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Rajat Gupta, a former director at Goldman Sachs (NYSE:GS), was sentenced on Wednesday afternoon for his role in an insider trading fiasco. Gupta has been convicted by a jury on three counts of securities fraud and one count of conspiracy. The jury found that he passed confidential information from Goldman Sachs to his friend and former business associate Raj Rajaratnam, a founder of the Galleon Group hedge fund.
For his part, Gupta has been sentenced to 24 months in federal prison, and a $5 million fine. His prison sentence is set to begin on January 4, 2013.
Rajaratnam began serving an 11-year sentence in December for his role in the scheme. Gupta faced a maximum prison term of up to 25 years, 20 for securities fraud and 5 for conspiracy. The government recommended sentencing between 97 and 121 months, while Gupta’s defense proposed alternative punishment such as community service. Mitigating factors included his history of philanthropy, and high-profile figures such as Bill Gates and Kofi Annan asked the judge — U.S. District Judge Jed Rakoff — to be lenient in his sentencing. The argument ran that it would be a crime in and of itself to send Gupta to jail when he could be helping the world.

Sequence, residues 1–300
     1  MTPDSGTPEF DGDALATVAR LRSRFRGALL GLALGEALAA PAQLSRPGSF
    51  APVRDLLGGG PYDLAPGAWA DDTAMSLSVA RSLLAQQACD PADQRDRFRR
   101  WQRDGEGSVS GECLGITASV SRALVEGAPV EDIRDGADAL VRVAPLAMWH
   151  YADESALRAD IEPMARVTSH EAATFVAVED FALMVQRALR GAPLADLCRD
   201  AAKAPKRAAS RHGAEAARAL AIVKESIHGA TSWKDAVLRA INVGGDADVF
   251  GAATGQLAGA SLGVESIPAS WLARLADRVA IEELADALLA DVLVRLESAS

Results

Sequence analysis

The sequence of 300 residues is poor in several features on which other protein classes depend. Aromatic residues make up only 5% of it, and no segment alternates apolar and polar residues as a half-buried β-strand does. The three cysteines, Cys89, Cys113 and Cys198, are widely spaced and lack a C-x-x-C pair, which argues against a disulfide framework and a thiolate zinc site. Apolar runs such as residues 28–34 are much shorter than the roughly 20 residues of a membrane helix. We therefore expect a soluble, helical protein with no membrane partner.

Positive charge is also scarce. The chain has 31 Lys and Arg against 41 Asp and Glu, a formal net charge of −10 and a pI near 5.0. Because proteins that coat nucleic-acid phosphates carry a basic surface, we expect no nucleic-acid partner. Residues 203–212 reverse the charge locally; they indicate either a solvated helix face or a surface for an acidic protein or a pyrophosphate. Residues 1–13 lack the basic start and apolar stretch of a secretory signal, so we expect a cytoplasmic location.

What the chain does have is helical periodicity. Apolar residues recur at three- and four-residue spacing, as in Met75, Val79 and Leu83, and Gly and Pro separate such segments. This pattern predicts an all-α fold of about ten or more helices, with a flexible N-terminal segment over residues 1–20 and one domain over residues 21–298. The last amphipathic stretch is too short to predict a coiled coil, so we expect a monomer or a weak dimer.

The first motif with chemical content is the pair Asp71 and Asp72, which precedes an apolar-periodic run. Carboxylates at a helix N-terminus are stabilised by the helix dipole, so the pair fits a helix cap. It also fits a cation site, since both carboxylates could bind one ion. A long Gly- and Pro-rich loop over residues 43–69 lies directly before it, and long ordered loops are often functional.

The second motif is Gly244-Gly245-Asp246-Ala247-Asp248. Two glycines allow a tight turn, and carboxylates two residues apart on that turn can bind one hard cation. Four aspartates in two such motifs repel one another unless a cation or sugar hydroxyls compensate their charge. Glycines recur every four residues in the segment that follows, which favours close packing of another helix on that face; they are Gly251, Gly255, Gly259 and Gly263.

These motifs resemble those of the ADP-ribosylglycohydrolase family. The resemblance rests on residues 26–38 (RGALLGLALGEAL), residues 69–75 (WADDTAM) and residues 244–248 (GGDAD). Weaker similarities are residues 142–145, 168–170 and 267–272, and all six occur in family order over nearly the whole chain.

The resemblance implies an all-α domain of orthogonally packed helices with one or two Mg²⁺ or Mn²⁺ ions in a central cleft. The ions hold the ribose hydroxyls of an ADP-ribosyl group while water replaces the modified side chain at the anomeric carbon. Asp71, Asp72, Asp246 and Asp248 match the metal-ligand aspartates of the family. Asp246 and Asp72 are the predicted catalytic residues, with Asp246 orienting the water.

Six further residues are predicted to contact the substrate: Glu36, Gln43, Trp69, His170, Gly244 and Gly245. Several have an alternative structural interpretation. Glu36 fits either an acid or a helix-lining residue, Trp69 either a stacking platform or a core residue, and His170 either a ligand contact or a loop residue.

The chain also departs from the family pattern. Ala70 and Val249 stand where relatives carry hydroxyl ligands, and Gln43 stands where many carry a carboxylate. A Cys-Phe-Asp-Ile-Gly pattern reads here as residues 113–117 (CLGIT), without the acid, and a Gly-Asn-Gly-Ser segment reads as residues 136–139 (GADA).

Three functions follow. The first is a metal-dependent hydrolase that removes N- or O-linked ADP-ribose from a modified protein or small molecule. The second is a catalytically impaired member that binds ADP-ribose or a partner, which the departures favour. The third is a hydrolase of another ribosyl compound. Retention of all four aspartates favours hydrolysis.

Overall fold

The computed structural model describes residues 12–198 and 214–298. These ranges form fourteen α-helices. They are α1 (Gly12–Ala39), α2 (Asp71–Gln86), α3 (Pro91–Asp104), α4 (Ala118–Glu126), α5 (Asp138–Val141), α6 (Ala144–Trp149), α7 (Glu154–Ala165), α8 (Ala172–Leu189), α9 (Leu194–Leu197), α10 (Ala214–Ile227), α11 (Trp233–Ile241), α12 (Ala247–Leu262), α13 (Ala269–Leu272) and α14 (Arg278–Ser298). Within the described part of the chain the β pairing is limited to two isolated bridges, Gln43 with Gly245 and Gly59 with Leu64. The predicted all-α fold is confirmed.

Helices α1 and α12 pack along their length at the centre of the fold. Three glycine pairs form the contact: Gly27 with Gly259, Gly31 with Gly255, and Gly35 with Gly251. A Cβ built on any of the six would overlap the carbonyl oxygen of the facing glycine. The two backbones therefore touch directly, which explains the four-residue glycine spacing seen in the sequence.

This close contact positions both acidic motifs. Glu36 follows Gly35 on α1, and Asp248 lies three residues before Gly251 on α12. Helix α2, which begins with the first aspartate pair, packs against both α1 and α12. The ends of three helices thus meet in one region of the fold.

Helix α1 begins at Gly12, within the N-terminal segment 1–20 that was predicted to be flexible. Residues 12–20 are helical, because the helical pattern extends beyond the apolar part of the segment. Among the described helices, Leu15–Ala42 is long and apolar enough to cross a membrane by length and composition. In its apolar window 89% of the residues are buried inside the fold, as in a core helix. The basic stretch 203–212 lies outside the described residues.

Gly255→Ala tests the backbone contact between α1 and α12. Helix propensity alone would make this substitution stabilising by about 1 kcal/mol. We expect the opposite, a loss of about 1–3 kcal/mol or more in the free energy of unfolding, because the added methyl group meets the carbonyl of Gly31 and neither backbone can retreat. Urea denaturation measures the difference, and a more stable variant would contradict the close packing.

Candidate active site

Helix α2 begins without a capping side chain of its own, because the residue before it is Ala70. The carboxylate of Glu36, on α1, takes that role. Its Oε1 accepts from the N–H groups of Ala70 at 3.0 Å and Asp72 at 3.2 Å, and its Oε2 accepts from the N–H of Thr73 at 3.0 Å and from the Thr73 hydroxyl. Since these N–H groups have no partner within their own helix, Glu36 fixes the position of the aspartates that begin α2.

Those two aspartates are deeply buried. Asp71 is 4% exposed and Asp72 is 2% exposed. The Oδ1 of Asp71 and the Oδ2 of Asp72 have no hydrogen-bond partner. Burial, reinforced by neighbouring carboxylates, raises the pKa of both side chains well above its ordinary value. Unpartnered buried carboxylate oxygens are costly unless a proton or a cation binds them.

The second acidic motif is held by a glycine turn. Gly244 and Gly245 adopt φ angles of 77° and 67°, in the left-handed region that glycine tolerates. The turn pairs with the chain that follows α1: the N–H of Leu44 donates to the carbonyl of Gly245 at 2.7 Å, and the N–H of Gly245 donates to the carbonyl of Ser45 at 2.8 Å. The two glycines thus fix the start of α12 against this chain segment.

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Weighing against him was that fact that within one minute of ending a board call in September, 2008, where a $5 billion investment in Goldman by Warren Buffet was approved, Gupta called Rajaratnam, who then told his traders to buy as much as $40 million worth of stock in the bank. Many people have spoken on behalf of Gupta’s commitment to helping others, but perhaps he was a little too committed to Rajaratnam.
Gupta was previously the managing director of McKinsey & Company, and has served on the boards of Procter & Gamble (NYSE:PG) and American Airlines.
According to the Associated Press, government prosecutors wrote that Gupta’s crime “understandably fuels cynicism among the investing public that Wall Street is rigged and that Wall Street professionals unfairly exploit privileged access to information. This is particularly troubling at a time when there is widespread concern about corruption, greed, and recklessness at the highest levels of the financial services industry.”
Rakoff, for his part, has something of a history of issuing jail sentences that are shorter than recommended for insider trading. The sentence does fall way short of the recommended time, indicating that some 400 letters of support sent in on his behalf helped soften the judge.
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